Badoc is a 3rd class municipality in the province of Ilocos Norte, Philippines. According to the latest census, it has a population of 30,063 people in 5,879 households. It is also the birthplace of famous Filipino painter, Juan Luna. The tourist spots in this town are Luna Shrine, Luna Park, Badoc Island, Badoc Church and beautiful beaches.
Badoc is politically subdivided into 31 barangays.
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The La Virgen Milagrosa
Badoc houses the Sanctuary of the Miraculous Statue of the Blessed Virgin Mary, the La Virgen Milagrosa. History traces the life-sized statue to Nagasaki, Japan. It was sent floating in the sea by missionaries operating in secret in Japan (for fear of persecution during the Tokugawa Regime), along with the Miraculous Statue of the Black Nazarene (Sinait’s Santo Cristo Milagroso). It was first found by local fishermen in the shores of Barangay Dadalaquiten, on the boundary between Sinait and Badoc, in the year 1620. Only fishermen from Sinait were able to move the Statue of the Black Nazarene. The fishermen from Badoc, unable to move the Black Nazarene, were able to move the La Virgen Milagrosa that came with it–which was, in turn, unable to be moved by the fishermen from Sinait. They took the statues to their respective towns, hence becoming their patron saints. Today The La Virgen Milagrosa is enshrined at the Badoc Church.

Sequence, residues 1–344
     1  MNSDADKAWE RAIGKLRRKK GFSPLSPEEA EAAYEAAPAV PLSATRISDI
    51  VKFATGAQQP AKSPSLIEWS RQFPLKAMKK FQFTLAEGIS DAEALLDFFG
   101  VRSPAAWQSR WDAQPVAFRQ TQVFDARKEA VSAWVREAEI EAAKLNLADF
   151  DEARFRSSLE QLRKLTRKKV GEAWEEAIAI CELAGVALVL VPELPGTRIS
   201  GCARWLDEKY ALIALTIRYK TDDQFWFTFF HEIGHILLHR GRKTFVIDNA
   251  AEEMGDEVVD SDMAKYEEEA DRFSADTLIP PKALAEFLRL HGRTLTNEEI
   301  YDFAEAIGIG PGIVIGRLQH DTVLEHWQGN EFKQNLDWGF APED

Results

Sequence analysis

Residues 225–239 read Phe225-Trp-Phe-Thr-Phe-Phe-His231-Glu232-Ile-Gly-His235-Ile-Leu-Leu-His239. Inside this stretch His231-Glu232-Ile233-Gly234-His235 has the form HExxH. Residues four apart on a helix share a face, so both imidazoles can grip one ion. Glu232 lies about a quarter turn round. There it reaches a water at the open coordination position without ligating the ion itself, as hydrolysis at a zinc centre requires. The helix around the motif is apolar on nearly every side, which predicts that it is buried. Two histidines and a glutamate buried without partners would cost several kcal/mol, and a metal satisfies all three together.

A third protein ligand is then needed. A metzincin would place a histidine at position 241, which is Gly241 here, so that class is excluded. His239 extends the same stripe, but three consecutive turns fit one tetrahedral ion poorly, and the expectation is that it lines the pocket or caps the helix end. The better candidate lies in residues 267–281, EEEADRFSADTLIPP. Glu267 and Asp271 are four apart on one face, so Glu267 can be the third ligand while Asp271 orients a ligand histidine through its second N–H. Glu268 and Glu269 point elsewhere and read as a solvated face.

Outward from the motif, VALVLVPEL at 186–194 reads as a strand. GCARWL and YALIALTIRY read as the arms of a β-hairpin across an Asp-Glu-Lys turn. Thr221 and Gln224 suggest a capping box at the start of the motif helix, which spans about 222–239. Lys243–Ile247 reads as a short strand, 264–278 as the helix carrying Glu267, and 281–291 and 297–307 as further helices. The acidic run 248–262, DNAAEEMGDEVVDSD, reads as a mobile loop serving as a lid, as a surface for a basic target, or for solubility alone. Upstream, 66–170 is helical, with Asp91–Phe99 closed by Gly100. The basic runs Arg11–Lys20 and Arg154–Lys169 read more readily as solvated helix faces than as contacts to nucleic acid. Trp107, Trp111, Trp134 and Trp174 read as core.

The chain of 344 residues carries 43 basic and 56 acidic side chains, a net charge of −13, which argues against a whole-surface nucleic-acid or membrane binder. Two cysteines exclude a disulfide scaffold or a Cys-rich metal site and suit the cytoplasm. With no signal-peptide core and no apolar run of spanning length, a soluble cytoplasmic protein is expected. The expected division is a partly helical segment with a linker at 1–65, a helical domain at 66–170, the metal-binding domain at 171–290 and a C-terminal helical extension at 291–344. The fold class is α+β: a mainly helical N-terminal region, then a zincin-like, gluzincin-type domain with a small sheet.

Badoc is bounded on the south by the Province of Ilocos Sur; on the north by the town of Pinili; on the west by the Luzon Sea; and on the east by the Municipality of Nueva Era. The town got its name from badok-badok (phleum-pratense), a plant which abounds in the locality, It has land are of 66.41 square kilometers, with a population of 26,737 in 1995.
The town’s first settlers were people belonging to a tribe known officially as Tingguian but whom the Ilocanos commonly called Itneg. The Spaniards first explored the area in 1572 when Juan de Salcedo made an expedition to the north. He came back in 1574 to formally organize the government of Ilocos. He made Badoc an encomienda of Juan de la Pena. Badoc became an independent parish in 1714.
The zealous Augustinians taught the natives advanced agriculture like the cultivation of sugar cane, cotton, corn, rice and indigo. The cultivation of indigo became a lucrative business not only in Badoc but also to the rest of the Ilocos in the late 18th and the first half of the 19th century.
During the Philippine Revolution of 1898, Badoc was occupied by the revolutionary forces of General Manuel Tinio. When the war shifted against the Americans, the town and the surrounding areas of Batac and Paoay became the fields of operation of the guerillas of Gregorio Aglipay.
When Gregorio Aglipay established the Philippine Independent Church, Badoc became one of the centers of the newly established religious sect. But while Aglipayanism had taken a great stride in Badoc, the town, however, remained a great mecca of Catholicism in the north. Today, the church of Badoc, an imposing structure of bricks and stones houses the Virgen Milagrosa de Badoc, the patroness of the province.
Another object of interest in Badoc is the Juan Luna National Shrine, a two-story edifice which houses the memorabilia of the Filipino genius of the canvass and the creator of internationally-acclaimed masterpieces, whose family – the Lunas were natives of Badoc.
Badoc today remains an agricultural town but continues on its march towards progress. Farming, fishing, salt-making and cottage industries like the weaving of cotton cloth and the making of basi wine are the major sources of income of the people, the majority of which own the lands they cultivate. An irrigation system serves over 500 hectares of agricultural lands producing primary crops like tobacco, garlic and onions.